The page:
Email marketing is a magical thing. Instead of waiting for a new or past buyer to stumble on your site, with email marketing you can take a product page and literally send it to the subscriber’s inbox.
But because marketers exploit email marketing so much its effectiveness goes down with each passing year. Shoppers are getting more emails, and they’re receiving these emails more frequently.
Here is the typical story with nearly all email marketing programs: they start with the online retailer sending maybe one email a month. Then one day you decide to send 2 emails every other week and see a nice bump in sales. Aha, doubling frequency had a 80% lift in sales (it isn’t as good as 100%, but hey, 80% ain’t too shabby).
A few months pass and you get antsy so you up the frequency to 3 times a month. This time the bump in sales is even smaller but the overall revenue through your emails is still impressive. When you were sending an email a month you had time to craft a thoughtful message that had a personality. Now email marketing is more cookie cutter.
The trouble with this story is that it leads to a bad place because eventually you’ll end up sending emails twice a week. What you’re experiencing here is the law of diminishing returns; and it sucks.
So what’s the way out? Send customized emails: messages that have a very specific focus and are addressed to a very specific subset of your mailing list.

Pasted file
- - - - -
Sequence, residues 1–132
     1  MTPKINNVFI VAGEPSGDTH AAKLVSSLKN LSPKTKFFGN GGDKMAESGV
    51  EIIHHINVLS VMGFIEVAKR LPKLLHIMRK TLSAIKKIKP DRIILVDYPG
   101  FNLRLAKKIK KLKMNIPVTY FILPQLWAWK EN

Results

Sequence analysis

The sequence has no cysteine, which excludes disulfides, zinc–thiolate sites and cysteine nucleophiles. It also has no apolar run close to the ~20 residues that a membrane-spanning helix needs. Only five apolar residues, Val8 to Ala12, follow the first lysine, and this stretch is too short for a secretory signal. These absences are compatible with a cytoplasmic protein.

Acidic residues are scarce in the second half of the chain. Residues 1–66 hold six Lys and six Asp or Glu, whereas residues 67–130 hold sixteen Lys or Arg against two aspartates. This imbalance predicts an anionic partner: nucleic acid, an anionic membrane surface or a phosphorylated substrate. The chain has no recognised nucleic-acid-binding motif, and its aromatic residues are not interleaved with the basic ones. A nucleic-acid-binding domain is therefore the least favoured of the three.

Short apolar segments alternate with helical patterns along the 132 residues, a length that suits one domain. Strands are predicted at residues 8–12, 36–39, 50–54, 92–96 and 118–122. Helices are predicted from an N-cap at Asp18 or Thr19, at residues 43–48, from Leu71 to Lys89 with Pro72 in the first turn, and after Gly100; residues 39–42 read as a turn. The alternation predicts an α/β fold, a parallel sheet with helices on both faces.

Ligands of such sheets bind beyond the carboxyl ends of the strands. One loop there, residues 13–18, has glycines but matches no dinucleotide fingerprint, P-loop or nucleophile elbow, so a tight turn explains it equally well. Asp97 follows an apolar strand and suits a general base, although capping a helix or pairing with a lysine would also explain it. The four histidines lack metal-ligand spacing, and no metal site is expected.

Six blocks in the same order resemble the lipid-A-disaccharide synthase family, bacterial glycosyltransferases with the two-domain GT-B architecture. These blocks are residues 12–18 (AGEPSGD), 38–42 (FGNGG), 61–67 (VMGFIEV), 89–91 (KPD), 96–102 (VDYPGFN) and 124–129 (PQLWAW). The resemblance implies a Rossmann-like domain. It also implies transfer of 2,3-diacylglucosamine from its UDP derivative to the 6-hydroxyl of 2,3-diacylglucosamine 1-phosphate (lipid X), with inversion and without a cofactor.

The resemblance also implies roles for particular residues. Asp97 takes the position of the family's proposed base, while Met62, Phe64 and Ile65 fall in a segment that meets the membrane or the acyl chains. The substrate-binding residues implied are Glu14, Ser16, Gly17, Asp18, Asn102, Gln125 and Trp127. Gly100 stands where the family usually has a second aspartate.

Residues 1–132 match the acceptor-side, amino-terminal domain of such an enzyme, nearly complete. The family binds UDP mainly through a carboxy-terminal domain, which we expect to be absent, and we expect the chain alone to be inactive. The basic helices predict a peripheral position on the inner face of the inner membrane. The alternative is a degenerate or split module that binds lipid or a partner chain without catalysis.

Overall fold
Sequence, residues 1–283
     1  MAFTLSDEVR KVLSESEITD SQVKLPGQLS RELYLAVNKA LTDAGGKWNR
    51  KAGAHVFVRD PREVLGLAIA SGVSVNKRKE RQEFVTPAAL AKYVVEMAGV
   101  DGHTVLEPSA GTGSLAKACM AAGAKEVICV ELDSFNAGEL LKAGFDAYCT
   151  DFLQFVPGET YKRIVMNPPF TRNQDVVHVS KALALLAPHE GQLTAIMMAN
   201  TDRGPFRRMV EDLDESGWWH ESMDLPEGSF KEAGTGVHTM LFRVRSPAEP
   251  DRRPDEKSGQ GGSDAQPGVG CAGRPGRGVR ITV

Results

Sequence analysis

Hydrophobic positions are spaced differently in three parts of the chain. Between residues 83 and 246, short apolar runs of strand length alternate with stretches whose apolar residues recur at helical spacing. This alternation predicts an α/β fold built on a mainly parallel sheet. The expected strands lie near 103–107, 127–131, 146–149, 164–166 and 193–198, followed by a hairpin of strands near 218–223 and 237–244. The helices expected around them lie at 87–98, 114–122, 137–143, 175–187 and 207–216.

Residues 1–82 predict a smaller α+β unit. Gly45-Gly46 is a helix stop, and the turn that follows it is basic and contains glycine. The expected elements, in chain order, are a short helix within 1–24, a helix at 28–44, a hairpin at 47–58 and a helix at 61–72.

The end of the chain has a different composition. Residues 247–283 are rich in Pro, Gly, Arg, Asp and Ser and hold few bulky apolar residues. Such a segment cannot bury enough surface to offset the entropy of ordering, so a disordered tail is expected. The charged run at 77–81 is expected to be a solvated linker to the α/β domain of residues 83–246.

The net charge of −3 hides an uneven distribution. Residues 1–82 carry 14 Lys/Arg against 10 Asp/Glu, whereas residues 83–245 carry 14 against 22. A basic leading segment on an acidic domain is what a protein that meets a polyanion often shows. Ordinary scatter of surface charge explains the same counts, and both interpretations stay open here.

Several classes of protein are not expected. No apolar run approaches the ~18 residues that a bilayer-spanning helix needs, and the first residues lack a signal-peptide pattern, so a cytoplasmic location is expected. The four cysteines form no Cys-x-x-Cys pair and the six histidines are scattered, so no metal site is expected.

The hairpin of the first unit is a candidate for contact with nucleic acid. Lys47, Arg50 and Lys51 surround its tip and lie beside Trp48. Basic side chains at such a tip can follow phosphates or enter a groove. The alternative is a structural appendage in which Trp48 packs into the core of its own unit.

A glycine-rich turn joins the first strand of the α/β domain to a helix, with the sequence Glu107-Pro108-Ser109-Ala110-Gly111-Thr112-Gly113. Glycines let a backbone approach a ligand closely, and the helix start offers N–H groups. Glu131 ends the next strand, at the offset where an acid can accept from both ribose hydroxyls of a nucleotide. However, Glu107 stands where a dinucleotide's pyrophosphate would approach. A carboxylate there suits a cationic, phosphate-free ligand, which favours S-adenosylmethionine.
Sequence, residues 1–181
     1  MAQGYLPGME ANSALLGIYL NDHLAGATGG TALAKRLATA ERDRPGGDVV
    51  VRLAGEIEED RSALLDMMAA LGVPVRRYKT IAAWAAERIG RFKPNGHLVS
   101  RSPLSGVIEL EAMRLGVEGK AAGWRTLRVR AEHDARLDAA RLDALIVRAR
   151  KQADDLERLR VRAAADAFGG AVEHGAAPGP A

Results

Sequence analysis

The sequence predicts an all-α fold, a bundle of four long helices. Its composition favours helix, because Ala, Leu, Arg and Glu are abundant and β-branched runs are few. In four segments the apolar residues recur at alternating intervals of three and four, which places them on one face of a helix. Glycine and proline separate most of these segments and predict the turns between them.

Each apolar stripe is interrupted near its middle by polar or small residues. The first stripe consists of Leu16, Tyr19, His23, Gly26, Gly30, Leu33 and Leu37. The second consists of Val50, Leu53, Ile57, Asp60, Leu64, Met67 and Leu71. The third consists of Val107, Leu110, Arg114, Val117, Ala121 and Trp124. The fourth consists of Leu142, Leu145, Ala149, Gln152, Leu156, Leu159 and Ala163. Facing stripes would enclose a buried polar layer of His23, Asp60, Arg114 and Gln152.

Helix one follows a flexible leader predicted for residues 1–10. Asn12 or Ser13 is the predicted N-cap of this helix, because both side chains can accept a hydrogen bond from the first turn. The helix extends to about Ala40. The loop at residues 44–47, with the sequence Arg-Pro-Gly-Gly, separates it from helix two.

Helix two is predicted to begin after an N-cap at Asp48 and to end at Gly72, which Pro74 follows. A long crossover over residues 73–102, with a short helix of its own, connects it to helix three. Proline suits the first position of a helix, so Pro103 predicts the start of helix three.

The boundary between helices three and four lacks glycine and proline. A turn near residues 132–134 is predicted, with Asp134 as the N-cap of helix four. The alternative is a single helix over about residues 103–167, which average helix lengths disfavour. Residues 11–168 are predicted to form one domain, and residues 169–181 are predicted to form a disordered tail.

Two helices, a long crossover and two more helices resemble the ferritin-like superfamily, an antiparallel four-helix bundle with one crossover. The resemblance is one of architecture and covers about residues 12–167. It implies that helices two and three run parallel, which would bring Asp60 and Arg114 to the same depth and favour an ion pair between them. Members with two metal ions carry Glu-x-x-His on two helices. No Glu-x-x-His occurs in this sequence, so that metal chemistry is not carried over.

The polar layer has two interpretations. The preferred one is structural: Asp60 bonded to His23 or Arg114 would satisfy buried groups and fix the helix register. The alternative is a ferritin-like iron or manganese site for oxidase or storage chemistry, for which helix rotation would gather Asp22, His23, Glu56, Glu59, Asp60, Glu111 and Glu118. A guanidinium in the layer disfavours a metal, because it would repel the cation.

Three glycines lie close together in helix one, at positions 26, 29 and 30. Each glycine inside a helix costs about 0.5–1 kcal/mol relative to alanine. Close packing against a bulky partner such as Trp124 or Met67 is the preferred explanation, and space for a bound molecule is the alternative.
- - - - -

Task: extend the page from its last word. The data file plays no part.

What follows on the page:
Should a person buy Goodyear tires, he or she may be added to Goodyear’s mailing list. When winter rolls around, it stands to reason Goodyear would like to let their customers know about their new snow tires. Do Goodyear customers in Florida need that email? No. But Michigan customers do. And if you want to make this email even more effective send it out to Michigan shoppers 24 hours after a major snowstorm.
This is the best gift a retailer can offer on the 24th–
Which is why backcountry.com advertises it right on their homepage.
Based on registered user’s browsing behavior Coach sends a simple prompt email–
Don’t just slap on a seasonal promo message. Make it a branded experience, like Revant does (maker of premium lenses)–
Proactive.com does something clever. On their checkout page when a shopper clicks the “Terms and Conditions” link to read terms Proactive proactively shows a chat popup–
The lesson here is that if there is a spot on your checkout where shoppers drop off it’s a good idea to go the extra mile to address concerns of shoppers who reach that point.
When I see a message like screenshot above (pointed by blue arrow) the thought that crosses my mind is, “Michigan residents don’t have to pay sales tax. I’m a Michigan resident. Awesome.”
On lostgolfballs.com when you get to cart page they have a clever design element that shows a partial 5% off coupon code—
On click we see this popup—
The idea is pretty simple, shoppers who are incentivized by the discount can access it by letting their Twitter or Facebook friends know about the order.
Idea described above is a plug and play widget by addshoppers.com, so you can implement it on your site too.
I was on zazzle.com on a Wednesday and saw this–
Spotting a banner message (Happy Hump Day!) and promo code (MIDWEEKPROMO) personalized for middle of the week caught my attention.
What’s stopping you from applying this idea on your site?
Daleandthomaspopcorn.com knows 2 things-
1. Some shoppers prefer buying offline
2. Using geolocation they can identify visitors from states with Dale and Thomas stores
How do they act on this data? Observe bottom left corner-